Even though art comes in many forms, it is always a subjective experience. Perhaps the role of art in healthcare is about valuing holism and recognising the uniqueness of patients as individuals regardless of their health problem and treatment.  Art is regarded as integral to the social and cultural aspects of life in all communities and perhaps it should exist in all healthcare settings for the same reasons.  However, it is important to recognise  that although there appears to be a positive disposition towards the presence of art in healthcare contexts, it is not known if art in these contexts should differ in its conceptualisation or if it is interpreted and perceived differently by an individual who is a patient as compared with one who is attending an art gallery or viewing a sculpture in the street. There is extremely limited evidence to support the belief that art is valuable for patients (and indeed employees) in health care settings and there is even less evidence to support why and how it is valuable.  This is essential information for the Chief Executive Officer of a hospital who needs to justify and explain how the budget is spent in providing a high quality service for patients.  If there is evidence that shows why and how art helps patients then it strengthens and supports the argument for spending money on introducing it throughout hospitals and healthcare settings.

There is a belief that it has value for patients in healthcare settings but without evidence it will always be regarded as dispensable.  In the current economic climate, it is to be expected that ‘unnecessary costs’ such as art projects that are considered a ‘luxury’ by managers of health care budgets will not be a priority, therefore, funding will be cut to save money.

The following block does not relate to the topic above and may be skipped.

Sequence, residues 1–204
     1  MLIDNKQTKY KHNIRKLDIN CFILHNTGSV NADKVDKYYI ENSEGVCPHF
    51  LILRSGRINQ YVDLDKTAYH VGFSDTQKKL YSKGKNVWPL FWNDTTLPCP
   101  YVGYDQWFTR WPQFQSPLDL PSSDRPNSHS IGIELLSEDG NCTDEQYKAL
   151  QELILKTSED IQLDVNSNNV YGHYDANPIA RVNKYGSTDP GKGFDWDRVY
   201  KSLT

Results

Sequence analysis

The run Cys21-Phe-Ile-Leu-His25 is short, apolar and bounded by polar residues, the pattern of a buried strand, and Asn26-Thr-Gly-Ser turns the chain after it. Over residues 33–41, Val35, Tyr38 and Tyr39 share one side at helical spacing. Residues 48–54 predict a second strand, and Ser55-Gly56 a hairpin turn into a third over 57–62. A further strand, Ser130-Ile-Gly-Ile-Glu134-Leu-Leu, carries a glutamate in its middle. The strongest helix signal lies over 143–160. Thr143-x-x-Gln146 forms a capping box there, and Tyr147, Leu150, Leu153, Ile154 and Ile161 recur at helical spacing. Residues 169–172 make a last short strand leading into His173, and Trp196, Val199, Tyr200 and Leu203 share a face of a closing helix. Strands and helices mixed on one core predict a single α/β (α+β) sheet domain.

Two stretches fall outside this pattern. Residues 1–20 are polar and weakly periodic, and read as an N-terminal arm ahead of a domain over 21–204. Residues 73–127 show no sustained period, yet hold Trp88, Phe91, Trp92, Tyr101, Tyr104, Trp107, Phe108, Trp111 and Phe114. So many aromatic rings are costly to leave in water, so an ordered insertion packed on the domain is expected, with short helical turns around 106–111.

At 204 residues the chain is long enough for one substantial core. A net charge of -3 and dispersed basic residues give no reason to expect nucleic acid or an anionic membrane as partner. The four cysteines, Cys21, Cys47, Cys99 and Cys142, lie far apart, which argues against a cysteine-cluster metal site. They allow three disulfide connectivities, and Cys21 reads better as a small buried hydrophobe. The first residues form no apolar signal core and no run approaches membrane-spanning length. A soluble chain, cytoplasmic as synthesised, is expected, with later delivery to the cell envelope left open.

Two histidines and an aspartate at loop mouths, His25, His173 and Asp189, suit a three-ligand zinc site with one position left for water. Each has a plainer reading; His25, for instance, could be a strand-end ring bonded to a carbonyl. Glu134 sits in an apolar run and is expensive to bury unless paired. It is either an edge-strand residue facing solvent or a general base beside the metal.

From the perspective of a healthcare professional, evaluation of art provides an opportunity to challenge the prevailing medical model of care in favour of a holistic approach to care.  Art introduces a social and cultural dimension into organisations that are, quite rightly, primarily concerned with providing effective and economical treatment for patients in a caring manner.  Although health care professionals are concerned with caring for the individual needs of patients and providing a holistic service, this takes place often in cold clinical environments with little reference to the sociocultural and psychological needs of patients.

Behrman, P. (1997) Art in Hospitals: why is it there and what is it for? The Lancet, 350, 584-585.

Hamilton C., Hinks S., & Petticrew M. (2003). Arts forhealth: Still searching for the Holy Grail. Journal of Epidemiology and Community Health57(6), 401–405.

Putland C. (2008) Lost in Translation: The Question of Evidence Linking Community-based Arts and Health Promotion. Journal of Health Psychol, 13: 265-276

Redshaw, M. (2004) Design for health: The impact of a new hospital environment on children, families and staff, The Stationery Office, Norwich.

Scher, P. and Senior, P. (2000) Research and Evaluation of the Exeter Health Care Arts Project. Journal of Medical Humanities, 26, 71-78.

Schweitzer, M., Gilpin, L. and Frampton, S. (2004) Healing Spaces: Elements of Environmental Design That Make an Impace on Health. Journal of Alternative and Complementary Medicine, 10, 71-83.

Sky and News (2005) Hospitals Told: Stop Arting About.  Accessed 26th October 2005.

Staricoff, R. L., Duncan, J. P., Wright, M., Loppert, S. and Scott, J. (2001) A study of the effects of the visual and performing arts in healthcare. Hospital Design, June, 25-28.

Catherine McCabe

Catherine McCabe is a lecturer in Trinity College Dublin, School of Nursing and Midwifery. Catherine’s PhD was a clinical trial evaluating the psychological effect of ‘Open Window’ (an audio/visual art intervention) on patients undergoing bone marrow and stem cell  transplantation for the treatment of a haematological malignancy in St James’s Hospital.